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Facebook sees significant drop of the people that use it for news

FILE – In this May 1, 2018, file photo, Facebook CEO Mark Zuckerberg makes the keynote speech at F8, Facebook developer conference in San Jose, California. (AP Photo/Marcio Jose Sanchez, File) (Copyright 2018 The Associated Press. All rights reserved.)

(Copyright 2018 The Associated Press. All rights reserved.)

Since the 2016 U.S. presidential election, Facebook has come under fire for the rise of the so-called ” fake news,” a matter of the company is the correct, albeit with varying degrees of success. Despite her efforts, the social network has seen a significant decline of the people who use it for news, messaging apps, including Facebook-owned WhatsApp, increasingly for news consumption.

The Digital News Report notes that social media, in particular Facebook, has seen a sharp decline in news consumption worldwide, as well as in the USA. “news consumption through Facebook is a decrease of 9 percentage points in the United States, and 20 points for the younger group,” Nic Newman, Research Associate, Reuters Institute for the Study of Journalism, wrote in the report summary.

Newman continued: “In our urban Brazilian example of the use of Facebook for news has declined to 52 percent — a 17-point change from 2016.”

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The report was quick to add that the decline is not universal, with Facebook news use increases in countries such as Malaysia and the Czech Republic, “but in most countries the picture is one of decline.”

Facebook recently announced the funding news is on the Facebook Watch platform, including one from Fox News, which is known as “Fox News Update.”

of the decline is due to concerns about privacy and the often controversial nature of the debate about the platform, but also a change to Facebook’s algorithms, the priority of news in users ‘ News Feeds.

Following the company’s fourth-quarter earnings, CEO Mark Zuckerberg said that the changes, which included showing less viral videos resulted in a “reduction of the time spent on Facebook by approximately 50 million hours each day.”

A source familiar with Facebook thinks that these efforts, which Facebook describes in a blog post earlier this year, said that Facebook will work to ensure that users can see “news from the publications of the community rates as a reliable,” news, they find both informative and relevant.

The research was done by the Reuters Institute for the Study of Journalism at Oxford University, and was based on a survey from YouGov “over 74,000 online news consumers in 37 countries, including the united states and the united kingdom.”

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WhatsApp’s rise in the news

While on Facebook, the findings from the report are not all bad, especially if WhatsApp is important in the way people share and consume news.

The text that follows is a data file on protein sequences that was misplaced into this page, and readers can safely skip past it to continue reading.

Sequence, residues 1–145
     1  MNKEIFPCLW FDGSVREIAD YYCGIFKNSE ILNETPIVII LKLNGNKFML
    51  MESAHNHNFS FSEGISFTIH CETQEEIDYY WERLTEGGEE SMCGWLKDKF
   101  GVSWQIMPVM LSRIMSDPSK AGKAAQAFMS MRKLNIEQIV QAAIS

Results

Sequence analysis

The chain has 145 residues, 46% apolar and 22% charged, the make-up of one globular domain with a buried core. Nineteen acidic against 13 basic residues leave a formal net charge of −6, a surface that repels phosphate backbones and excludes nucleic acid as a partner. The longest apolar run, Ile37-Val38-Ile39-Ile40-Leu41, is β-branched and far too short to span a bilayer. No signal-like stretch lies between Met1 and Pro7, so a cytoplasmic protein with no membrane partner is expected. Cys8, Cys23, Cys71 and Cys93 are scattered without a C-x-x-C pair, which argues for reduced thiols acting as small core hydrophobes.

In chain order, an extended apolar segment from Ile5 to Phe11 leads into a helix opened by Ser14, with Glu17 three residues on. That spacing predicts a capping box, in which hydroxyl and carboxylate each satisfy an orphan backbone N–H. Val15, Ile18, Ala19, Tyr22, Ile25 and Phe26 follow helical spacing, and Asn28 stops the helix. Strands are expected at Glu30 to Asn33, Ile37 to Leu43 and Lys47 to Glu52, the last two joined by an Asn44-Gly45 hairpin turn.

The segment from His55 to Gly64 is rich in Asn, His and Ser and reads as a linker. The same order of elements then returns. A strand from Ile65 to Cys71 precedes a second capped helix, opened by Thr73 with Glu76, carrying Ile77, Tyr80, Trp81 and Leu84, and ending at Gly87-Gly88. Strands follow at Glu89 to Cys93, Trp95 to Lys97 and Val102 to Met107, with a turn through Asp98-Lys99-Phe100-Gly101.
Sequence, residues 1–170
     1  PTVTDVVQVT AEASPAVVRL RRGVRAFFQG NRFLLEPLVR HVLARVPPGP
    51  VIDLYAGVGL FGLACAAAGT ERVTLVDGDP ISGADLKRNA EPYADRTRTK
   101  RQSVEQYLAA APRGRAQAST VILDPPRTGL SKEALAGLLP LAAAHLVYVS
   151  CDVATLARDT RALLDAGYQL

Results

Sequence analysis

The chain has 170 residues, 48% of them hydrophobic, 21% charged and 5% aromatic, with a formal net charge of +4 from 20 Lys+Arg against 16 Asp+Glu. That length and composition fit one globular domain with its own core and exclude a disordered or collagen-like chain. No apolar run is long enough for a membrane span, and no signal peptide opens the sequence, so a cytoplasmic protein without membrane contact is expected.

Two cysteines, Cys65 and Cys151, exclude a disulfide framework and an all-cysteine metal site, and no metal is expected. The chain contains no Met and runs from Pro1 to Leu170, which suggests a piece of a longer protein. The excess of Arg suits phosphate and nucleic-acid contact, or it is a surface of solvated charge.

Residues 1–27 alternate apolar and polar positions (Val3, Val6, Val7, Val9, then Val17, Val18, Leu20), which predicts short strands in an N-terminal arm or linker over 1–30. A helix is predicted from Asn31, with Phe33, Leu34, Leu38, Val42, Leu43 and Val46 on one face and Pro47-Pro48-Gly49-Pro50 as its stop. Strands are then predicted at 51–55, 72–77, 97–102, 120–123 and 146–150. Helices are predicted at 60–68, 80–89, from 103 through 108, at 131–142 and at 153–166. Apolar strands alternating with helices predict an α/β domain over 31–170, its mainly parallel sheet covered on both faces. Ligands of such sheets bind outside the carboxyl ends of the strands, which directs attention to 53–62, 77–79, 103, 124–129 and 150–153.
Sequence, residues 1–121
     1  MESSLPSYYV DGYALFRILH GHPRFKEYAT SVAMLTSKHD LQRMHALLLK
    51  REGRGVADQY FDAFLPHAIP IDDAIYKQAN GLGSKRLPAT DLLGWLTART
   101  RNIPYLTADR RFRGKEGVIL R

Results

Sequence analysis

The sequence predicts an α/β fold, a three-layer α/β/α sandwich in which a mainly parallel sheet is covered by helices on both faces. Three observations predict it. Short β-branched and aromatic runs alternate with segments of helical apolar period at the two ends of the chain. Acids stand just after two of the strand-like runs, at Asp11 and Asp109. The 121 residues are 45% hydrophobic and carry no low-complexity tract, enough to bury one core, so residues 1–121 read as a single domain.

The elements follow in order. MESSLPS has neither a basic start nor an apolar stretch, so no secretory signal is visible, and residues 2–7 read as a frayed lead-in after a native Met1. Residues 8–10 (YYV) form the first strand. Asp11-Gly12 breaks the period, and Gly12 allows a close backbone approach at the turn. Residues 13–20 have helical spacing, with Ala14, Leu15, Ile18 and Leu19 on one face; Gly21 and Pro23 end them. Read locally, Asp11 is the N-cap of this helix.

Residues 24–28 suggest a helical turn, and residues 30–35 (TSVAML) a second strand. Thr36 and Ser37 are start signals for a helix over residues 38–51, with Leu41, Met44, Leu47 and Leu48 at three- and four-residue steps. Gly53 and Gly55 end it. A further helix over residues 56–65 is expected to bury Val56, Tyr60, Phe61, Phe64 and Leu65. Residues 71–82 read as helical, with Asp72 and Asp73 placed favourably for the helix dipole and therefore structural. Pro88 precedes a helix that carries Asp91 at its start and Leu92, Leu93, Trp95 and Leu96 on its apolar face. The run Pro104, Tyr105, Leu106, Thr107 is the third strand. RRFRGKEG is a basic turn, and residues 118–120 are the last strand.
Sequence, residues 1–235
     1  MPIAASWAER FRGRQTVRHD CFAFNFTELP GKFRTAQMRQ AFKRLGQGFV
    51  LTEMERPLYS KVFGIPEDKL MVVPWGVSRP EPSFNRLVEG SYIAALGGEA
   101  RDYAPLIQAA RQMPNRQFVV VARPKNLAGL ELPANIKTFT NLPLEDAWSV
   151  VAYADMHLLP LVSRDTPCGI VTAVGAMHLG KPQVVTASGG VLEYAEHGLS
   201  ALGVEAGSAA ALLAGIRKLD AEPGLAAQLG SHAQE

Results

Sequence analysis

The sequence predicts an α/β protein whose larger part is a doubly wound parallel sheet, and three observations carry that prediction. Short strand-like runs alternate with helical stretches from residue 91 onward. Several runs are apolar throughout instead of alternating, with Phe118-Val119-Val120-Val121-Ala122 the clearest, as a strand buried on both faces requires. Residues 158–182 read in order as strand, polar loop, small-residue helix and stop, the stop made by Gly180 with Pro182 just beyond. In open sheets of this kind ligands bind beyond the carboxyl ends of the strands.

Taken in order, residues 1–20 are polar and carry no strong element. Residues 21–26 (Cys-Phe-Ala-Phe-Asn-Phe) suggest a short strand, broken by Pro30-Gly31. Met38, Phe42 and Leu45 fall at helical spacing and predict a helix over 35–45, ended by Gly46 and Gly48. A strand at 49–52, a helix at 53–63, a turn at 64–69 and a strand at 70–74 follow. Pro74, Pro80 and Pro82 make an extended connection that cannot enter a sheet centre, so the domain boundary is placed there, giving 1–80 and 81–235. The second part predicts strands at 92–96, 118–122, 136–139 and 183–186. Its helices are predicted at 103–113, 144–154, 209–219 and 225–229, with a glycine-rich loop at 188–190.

The study found that the average consumption for news about WhatsApp has doubled in four years, to 16 percent. The discussion about the news on WhatsApp is also significant, with 24 per cent of the respondents are more likely to “take part in a private discussion about the news” and 16 percent chance “to take part in a group set up specifically to discuss a news topic.”

“WhatsApp or any other way seems much more of a private,” said a woman in the age between 20 and 29, who was part of a focus group. “If it is a kind of hybrid between text messaging and social media. Whereas in Facebook, for some reason it feels like the audience. Even if you are in Messenger.”

Other apps, such as Twitter, Instagram and Snapchat, also see what the use for the news, but much less than WhatsApp, because these services are not primarily focused on messaging.

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Privacy

WhatsApp is proud of the end-to-encryption, and never to users ads, something that put it at odds with parent company Facebook, which generates most of its revenue from advertising. The privacy features can help explain why it has seen a large bump in the news consumption.

“Privacy is an important issue for users, and this partly explains the growth in the use of messaging apps, in contrast to the more open social networks,” Antonis Kalogeropoulos, Research Fellow, Reuters Institute, wrote. “As mentioned in the Summary, the users in a number of ‘less free’ countries are more likely to think well before expressing their political views online.”

The study also noted that the increase of the consumers to pay for news is maintained since the elections, particularly if the crisis in fake news persists. “Last year, a significant increase in digital subscriptions in the United States (the so-called Trump Bump) is maintained, while donations and donation on the basis of memberships to grow in popularity,” reads the report.

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The study noted that the concern about the fake news to continue, with 54 percent of the respondents say that they were concerned about this issue, in countries such as the USA, Brazil and Spain.

The trust is in the news, stood at 44 percent, but only 34 percent of respondents saying they trusted news found via search and only 23 percent trusted news found on social networks such as Facebook.

In October 2017 Zuckerberg to ask for forgiveness for the way in which the social network “was used to divide people instead of bring us together.”

“For the people I hurt this year, I ask forgiveness and I’ll try to be better,” Zuckerberg wrote during the last evening of Yom Kippur. “For the way in which my work is divide people instead of us working together, I ask forgiveness and I will work to do better. We can all be better in the coming year, and may you be inscribed in the book of life.”

Follow Chris Ciaccia on Twitter @Chris_Ciaccia

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